The impact of new artistic and social concepts are thoroughly reflected in the biography of Lazar Lissitzky. An avid enthusiast of the Jewish art, an energetic figure in the Culture League, author of masterful books, at heart an innovator and, at the same time, deeply immersed in the national culture, the Jew Lazar Lissitzky (Лазарь Маркович Лисицкий) (1890 – 1941) was to become the internationalist El Lissitzky, who with unusual fervour absorbed and propagated the Suprematism of Kazimir Malevich (his mentor).
The role of El Lissitzky in the development of the Russian avant-garde was unique. The powerful concepts of Suprematism and Constructivism claimed to monopolise the formation of a new style that defines the face of the 20th century. These concepts were thought to be mutually exclusive, although in the work of their adherents there is much evidence of mutual influence. In the process of maturation of the new style there was an urgent need to integrate the methods and means of expression. The task of the unification fell to the talented El Lissitzky. From 1919 and through the 1920s, his famous Proun (projects for the confirmation of the new) appeared; and architects saw in Suprematism an artistic potential of a ‘grand style’.
The multifaceted El’s talent allowed him to enter into creative contact with the masters of various experimental trends and extract their tools and techniques, ignoring the boundaries between them. The boundaries were less important to Lissitzky than that they should be united and strong. His synthesis, therefore, was not only in the stylistic and formal, but also in the semantic. He had the power and ability to create a convincing synthesis of the artistic techniques of two irreconcilable antagonists, Chagall and Malevich. Demonstrating this quite clearly are Lissitzky’s illustrations for Ilya Ehrenburg’s book Six Tales with Easy Endings (1922), comprising a paradoxical montage of naive pictures, and his own book Suprematist tale of two squares:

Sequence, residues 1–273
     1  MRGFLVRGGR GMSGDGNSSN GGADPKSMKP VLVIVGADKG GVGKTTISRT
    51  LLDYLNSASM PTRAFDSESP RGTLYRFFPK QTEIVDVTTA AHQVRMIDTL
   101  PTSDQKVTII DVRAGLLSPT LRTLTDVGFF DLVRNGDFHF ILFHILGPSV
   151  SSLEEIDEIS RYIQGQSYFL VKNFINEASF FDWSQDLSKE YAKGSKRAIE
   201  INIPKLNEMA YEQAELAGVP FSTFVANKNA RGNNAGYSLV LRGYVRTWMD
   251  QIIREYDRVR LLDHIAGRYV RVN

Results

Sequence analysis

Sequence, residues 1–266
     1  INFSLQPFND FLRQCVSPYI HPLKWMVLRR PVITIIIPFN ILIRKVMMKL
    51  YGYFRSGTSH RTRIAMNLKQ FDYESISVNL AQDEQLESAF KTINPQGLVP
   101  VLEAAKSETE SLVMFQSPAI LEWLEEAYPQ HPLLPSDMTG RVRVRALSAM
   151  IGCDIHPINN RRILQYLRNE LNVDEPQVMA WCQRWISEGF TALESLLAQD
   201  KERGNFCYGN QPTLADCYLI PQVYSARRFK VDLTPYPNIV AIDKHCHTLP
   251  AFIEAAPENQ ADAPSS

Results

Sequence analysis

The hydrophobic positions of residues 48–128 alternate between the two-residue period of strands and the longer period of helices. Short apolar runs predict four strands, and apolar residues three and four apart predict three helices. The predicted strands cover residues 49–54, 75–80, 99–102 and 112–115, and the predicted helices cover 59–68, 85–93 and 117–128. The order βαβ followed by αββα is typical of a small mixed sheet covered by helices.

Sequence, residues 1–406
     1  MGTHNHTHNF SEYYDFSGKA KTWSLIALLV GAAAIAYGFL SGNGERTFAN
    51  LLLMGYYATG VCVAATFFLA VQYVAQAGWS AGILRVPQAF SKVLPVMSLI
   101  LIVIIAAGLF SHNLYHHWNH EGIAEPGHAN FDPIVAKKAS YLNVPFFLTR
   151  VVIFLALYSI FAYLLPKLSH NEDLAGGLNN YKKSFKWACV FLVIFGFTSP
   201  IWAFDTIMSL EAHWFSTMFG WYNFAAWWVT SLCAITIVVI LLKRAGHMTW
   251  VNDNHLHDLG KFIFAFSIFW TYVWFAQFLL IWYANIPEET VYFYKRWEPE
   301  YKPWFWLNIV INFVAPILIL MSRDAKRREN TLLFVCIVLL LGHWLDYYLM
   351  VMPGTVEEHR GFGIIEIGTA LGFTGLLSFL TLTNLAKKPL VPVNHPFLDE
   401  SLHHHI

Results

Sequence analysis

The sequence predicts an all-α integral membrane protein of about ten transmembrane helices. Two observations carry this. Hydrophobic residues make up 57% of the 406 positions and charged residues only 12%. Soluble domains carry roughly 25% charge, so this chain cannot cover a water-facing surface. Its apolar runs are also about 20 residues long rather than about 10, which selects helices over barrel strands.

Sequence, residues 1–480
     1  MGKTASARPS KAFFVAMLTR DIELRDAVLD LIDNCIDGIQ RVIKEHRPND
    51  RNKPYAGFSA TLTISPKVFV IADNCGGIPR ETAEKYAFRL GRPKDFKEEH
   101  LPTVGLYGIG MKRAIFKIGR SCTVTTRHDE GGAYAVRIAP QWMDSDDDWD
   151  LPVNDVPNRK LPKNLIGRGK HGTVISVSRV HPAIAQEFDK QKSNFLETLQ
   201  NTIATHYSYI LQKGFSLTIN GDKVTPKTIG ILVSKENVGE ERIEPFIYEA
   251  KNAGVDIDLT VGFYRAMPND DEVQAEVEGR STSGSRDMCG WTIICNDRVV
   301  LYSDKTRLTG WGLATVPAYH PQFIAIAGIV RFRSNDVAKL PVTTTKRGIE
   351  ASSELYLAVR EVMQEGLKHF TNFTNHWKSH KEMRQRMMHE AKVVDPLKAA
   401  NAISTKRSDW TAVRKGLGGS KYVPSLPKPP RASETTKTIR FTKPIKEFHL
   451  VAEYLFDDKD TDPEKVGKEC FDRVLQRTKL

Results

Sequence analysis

(Images from Snegourotchka’s blog.)
Lissitzky worked in all the forms and genres of art of importance in the international style of the 20th century. Most of the masters of the time were characterised by their adherence to a particular system of art, and therefore considered the integrators as ‘omnivorous stylists’, ‘eclectic’, unscrupulously stealing concepts for their own work. El Lissitzky didn’t escape from such criticism, although today, with the benefit of passing time, it is clear how great his contribution was to the development of art in the 20th century.
[Translated excerpts from Alexandra Shatskikh, ‘Jews in the Russian Avant-Garde‘]
‘Monuments of the Future‘: Designs by El Lissitzky, Getty Research Institute.